Flushing, Jamaica Hills, Jamaica and Long Island City are home to the top 10 worst landlords in the borough, according to a 2017 Watchlist released by the public advocate.
“The Worst Landlords Watchlist is a powerful tool to put these unscrupulous landlords on notice and gives tenants the tools to hold them accountable,” said Public Advocate Letitia James.
Hillside House Management, which topped the list as the worst landlord in Queens, had five violations from the city’s Department of Buildings, according to the data. In the northeast section of Queens seven landlords in Flushing had 1,217 violations from the city’s Housing Preservation and Development wing.
The landlords in Flushing on the list include Nada Gracin (2), Lucia Chiao (3), Rebecca Cerecedo (4), William Niarakis (7), Michael Cantasano (9), and Norman Mirsky (10)
One of the landlords, James Yoo (8), had a tax lien in the past two years at the residential space he rented to tenants on 63-69 110 St.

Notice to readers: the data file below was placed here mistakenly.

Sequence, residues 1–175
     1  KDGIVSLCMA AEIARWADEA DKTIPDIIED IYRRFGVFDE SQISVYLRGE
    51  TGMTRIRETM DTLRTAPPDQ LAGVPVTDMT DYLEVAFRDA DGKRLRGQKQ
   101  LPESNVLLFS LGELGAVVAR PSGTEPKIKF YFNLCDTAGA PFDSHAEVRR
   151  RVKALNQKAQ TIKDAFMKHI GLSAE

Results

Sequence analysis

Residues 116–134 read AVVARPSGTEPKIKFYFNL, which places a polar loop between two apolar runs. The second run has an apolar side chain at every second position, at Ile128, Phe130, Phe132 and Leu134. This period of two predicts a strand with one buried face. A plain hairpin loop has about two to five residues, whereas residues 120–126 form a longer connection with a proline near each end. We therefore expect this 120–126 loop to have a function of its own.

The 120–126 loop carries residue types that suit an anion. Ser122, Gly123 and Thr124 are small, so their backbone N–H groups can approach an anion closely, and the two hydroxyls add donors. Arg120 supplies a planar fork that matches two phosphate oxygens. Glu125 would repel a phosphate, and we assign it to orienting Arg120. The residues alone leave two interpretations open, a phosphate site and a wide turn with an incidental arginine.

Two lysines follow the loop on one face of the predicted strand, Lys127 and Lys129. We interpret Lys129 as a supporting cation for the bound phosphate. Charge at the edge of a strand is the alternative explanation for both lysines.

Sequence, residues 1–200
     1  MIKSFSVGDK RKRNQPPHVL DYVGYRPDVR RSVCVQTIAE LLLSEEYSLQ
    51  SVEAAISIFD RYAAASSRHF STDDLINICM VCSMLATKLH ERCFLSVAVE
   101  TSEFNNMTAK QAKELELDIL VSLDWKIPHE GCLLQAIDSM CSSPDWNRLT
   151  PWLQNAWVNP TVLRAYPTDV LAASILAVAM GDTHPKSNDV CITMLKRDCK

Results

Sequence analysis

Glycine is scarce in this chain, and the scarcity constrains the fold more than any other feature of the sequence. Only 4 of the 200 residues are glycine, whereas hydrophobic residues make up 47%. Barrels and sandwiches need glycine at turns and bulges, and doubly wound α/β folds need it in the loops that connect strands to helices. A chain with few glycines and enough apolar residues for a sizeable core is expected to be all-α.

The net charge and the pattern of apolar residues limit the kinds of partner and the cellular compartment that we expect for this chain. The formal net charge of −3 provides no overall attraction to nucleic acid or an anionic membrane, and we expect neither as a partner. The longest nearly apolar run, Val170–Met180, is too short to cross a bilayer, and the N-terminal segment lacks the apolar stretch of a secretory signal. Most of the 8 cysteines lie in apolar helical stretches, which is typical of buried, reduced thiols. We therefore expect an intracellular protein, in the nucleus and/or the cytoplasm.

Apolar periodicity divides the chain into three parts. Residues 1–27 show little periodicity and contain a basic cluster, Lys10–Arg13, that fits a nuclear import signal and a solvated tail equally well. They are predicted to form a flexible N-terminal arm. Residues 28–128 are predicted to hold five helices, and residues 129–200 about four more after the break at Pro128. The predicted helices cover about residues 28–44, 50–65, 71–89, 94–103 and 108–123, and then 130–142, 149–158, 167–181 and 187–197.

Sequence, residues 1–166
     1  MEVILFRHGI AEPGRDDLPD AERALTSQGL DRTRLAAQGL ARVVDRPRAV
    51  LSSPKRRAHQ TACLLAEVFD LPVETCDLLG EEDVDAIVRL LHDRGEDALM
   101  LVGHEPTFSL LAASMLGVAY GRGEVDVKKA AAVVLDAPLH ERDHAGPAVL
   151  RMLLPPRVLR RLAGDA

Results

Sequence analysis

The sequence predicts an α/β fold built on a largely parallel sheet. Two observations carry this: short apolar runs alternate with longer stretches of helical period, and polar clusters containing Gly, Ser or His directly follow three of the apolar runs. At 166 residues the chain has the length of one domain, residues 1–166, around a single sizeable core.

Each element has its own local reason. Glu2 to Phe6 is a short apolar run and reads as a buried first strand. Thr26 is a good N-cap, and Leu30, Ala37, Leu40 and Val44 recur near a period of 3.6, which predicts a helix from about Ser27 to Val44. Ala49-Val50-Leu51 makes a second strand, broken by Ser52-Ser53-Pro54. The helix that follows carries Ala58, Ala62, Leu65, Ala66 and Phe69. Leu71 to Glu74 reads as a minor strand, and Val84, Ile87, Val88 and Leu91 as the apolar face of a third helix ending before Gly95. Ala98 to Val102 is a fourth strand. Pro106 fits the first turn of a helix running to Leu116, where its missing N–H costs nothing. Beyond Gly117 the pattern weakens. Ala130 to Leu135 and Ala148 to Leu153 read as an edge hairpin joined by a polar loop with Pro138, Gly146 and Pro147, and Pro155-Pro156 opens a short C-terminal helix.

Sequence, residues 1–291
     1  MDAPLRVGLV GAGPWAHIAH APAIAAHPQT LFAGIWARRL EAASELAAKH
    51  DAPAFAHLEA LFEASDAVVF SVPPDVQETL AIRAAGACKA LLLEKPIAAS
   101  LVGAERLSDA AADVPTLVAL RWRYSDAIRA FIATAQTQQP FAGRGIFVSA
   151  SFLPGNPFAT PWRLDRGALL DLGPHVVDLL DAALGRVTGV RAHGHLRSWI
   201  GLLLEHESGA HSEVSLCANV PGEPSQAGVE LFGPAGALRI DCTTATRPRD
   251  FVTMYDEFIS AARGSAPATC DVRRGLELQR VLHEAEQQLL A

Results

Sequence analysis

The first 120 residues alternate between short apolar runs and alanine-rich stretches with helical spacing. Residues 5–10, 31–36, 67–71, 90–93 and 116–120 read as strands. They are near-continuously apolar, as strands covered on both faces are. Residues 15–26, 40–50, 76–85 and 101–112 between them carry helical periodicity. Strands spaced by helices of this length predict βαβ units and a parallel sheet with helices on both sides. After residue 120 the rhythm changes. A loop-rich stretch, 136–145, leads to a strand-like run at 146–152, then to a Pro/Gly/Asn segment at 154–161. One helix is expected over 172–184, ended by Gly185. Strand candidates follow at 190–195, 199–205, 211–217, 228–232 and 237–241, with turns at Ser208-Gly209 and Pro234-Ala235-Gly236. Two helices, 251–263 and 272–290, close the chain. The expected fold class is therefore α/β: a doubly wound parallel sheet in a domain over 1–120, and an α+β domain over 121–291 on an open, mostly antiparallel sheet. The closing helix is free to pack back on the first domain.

The highest HPD abuses were in southeast Queens at Hillside House Management Co., located at 87-40 165 St. in Jamaica Hills. The company, which manages 119 units, had 383 violations, according to landl
The other southeast Queens landlord to make the top 10 of worst landlords in the borough was Jennifer Adjara, who was No. 5 on the list. Her rental property is located at 106-43 156 St. in Jamaica. There were 162 HPD violations at the place she manages, according to the watchlist.
Northwestern Queens had one landlord in the top 10, Ronald Swartz (6), who manages 41 units at 34-01 Ave. in Long Island City, according to the list.
In all, there were 1,919 violations in Flushing, Jamaica Hills, Jamaica and Long Island City. In total, the landlords manage 351 units.
“No New Yorker should be subjected to live in a hazardous home, yet bad landlords in our city are forcing too many tenants to live in dangerous and indecent conditions,” James said.
To make the list landlords with fewer than 35 units must have an average of at least three open and serious violations per unit, according to the list criteria. Those with more must have at least two open violations that are serious per unit.
“We will continue to identify the worst abusers of tenants and take on practices that deny working families a chance to simply live in safe, decent housing,” James said.
Reach reporter Naeisha Rose by e-mail at nrose
©2017 Community News Group
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